The Muskingum Watershed Conservancy District, flush with shale money, could reduce assessments paid by 500,000 individual property owners from Akron to the Ohio River.
Action on reducing the assessments, most of which are $12 a year, is not expected until late this year or early next year. Implementing whatever plan is developed is unlikely until 2015, said John Hoopingarner, the districtís executive director-secretary.
The possibility of reduced assessments came from the districtís five-member governing board after a recent two-day planning session with staff.
How much money the district is expected to collect from leasing bonuses and drilling royalties will affect the decision, officials said.
The district is expected to update the 18-judge Conservancy Court about the possible reduction during a meeting Saturday in New Philadelphia. The court is composed of one common pleas judge from each county in the district.
Annually, the district collects about $11 million in the 18-county area along the Tuscarawas and Muskingum rivers in eastern Ohio. About 95 percent of the property owners pay the minimum yearly amount of $12 that is tacked on local property tax bills.
The assessment first was approved in August 2007. It was designed to raise $210 million over 20 years.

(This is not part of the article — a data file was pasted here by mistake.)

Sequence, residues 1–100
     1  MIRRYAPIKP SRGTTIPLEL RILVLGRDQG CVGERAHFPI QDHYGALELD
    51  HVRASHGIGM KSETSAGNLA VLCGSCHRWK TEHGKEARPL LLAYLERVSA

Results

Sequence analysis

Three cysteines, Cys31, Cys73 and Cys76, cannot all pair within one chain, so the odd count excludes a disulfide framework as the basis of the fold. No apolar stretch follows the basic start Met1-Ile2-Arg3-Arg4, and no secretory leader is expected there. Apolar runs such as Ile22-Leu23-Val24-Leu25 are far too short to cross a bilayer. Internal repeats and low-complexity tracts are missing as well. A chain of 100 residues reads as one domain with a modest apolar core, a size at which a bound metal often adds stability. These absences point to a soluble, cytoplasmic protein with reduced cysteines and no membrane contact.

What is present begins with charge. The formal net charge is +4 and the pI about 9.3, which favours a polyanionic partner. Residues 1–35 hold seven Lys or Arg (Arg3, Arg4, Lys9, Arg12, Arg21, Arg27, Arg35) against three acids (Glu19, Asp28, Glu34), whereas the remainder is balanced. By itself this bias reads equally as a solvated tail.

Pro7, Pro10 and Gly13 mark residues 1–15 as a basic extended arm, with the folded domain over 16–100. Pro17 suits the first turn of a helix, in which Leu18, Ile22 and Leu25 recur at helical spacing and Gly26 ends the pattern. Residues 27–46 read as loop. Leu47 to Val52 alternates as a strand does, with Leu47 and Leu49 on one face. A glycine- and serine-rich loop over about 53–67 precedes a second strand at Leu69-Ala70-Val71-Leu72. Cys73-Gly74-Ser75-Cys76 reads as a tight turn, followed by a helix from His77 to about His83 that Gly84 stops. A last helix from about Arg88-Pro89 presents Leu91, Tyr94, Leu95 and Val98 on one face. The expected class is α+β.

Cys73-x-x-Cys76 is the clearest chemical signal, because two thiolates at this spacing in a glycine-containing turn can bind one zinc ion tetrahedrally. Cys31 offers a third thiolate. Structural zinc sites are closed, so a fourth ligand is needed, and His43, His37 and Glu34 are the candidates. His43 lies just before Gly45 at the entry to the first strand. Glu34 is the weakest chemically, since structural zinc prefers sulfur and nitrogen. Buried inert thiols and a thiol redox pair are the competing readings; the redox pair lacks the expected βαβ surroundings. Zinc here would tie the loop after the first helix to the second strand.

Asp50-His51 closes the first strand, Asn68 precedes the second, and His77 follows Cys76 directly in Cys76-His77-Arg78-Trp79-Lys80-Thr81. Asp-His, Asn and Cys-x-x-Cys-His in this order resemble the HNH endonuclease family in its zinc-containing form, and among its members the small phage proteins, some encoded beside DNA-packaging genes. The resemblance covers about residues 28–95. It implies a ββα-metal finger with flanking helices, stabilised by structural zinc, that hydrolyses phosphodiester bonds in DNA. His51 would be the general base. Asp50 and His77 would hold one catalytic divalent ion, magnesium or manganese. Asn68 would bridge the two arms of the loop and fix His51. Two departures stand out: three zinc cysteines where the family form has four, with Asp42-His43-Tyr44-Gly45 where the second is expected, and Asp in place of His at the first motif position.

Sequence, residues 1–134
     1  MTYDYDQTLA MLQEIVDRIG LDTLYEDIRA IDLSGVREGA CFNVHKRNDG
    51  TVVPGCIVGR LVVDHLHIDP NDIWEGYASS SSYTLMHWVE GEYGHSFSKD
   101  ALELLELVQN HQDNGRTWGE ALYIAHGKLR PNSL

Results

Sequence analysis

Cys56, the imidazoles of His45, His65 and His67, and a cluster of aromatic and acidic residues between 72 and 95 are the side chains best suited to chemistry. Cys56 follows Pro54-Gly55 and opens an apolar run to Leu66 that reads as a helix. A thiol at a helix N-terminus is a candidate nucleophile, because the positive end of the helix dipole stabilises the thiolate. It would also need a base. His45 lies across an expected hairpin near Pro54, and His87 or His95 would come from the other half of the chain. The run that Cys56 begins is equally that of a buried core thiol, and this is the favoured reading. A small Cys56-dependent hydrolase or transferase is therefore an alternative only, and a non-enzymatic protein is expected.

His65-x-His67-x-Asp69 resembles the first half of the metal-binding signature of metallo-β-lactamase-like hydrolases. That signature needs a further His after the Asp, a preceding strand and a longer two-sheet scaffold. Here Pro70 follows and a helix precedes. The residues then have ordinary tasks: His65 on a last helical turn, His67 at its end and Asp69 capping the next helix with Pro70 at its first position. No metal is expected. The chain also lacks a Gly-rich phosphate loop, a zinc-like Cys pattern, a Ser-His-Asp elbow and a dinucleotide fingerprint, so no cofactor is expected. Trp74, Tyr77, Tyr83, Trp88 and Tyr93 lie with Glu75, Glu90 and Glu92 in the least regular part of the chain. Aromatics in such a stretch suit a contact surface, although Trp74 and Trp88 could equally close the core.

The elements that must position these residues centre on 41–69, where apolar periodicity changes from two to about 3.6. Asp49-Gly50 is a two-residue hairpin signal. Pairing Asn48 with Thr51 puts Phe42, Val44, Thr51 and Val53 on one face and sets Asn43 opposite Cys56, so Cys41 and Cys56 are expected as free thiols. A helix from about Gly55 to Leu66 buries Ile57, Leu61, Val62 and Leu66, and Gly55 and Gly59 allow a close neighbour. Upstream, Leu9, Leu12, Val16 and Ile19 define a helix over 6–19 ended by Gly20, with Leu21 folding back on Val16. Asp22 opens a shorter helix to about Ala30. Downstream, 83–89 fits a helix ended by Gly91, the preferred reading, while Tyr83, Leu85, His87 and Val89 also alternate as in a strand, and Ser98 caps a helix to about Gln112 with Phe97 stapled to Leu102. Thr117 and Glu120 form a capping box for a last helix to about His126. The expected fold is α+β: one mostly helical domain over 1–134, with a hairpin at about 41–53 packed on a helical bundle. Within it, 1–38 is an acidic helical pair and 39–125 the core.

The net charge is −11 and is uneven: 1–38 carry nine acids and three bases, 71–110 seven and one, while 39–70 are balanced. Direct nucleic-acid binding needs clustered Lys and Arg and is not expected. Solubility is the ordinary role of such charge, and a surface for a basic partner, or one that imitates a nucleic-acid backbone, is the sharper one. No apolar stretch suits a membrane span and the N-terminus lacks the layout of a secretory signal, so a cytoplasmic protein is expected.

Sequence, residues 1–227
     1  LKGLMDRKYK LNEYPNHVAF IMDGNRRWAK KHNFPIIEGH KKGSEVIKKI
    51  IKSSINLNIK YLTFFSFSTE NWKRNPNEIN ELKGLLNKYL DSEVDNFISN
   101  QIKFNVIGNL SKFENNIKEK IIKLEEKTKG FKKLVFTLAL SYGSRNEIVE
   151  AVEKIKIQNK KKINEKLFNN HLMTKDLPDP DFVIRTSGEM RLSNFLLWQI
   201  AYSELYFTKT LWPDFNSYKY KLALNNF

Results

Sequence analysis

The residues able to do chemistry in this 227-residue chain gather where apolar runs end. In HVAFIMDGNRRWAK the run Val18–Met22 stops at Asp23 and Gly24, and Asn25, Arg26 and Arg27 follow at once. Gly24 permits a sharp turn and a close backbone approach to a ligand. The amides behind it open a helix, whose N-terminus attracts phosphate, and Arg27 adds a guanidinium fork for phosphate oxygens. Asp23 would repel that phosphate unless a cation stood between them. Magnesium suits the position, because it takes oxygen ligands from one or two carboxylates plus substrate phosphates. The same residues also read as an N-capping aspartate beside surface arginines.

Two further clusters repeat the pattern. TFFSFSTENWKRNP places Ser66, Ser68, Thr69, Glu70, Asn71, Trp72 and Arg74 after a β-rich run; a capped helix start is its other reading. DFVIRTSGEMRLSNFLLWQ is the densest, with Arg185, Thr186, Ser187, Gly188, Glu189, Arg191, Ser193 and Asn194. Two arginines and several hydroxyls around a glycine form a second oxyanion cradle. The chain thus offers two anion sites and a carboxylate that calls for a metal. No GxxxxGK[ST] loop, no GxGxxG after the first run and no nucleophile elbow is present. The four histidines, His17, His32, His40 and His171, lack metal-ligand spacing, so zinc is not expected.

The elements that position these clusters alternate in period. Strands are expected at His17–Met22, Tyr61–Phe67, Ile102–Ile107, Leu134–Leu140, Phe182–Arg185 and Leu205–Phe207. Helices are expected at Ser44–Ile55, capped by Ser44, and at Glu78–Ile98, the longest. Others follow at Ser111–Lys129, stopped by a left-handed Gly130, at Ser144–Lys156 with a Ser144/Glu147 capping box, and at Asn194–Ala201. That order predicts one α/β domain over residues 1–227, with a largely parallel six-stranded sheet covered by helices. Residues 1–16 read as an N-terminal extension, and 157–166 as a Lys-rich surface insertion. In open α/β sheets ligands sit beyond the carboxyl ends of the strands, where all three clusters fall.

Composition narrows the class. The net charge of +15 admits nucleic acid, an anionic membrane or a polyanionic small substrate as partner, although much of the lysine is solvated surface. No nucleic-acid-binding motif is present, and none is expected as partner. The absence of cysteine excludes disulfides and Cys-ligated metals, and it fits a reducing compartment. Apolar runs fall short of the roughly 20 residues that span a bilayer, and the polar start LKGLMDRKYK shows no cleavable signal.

It affects nearly 26,000 property owners in Summit County, 136,000 in Stark and 16,000 in Wayne.
Major projects it helps to fund include repairs to the Beach City, Bolivar, Dover and Mohawk dams and the Zoar levee in partnership with the U.S. Army Corps of Engineers. That work will cost an estimated $621 million in federal and local funds.
The Corps of Engineers manages the dams; the district oversees the reservoirs. Funds collected must be used for projects and programs that protect the 16 dams and reservoirs that were built 80 years ago for flood protection, water conservation and recreation.
Since 2011, the district has approved three leases for drillers seeking natural gas and related liquids from Ohioís Utica shale formation deep underground. The extraction process requires large volumes of water.
Those leases resulted in signing bonuses of more than $77 million.
The district recently got its first royalty payment of $750,000 from the operation of wells placed on one of the three leases.
In a related move, several Ohio eco-groups plan to make a renewed request of the Conservancy Court on Saturday: order the district to cease selling water from reservoirs to drillers for hydraulic fracturing, or fracking, and stop the leasing of reservoir land for drilling.
The Southeast Ohio Alliance to Save Our Water and the FreshWater Accountability Project Ohio, along with Food and Water Watch, Ohio Environmental Council, NEOGAP/POGCO and the Buckeye Forest Council will make the request.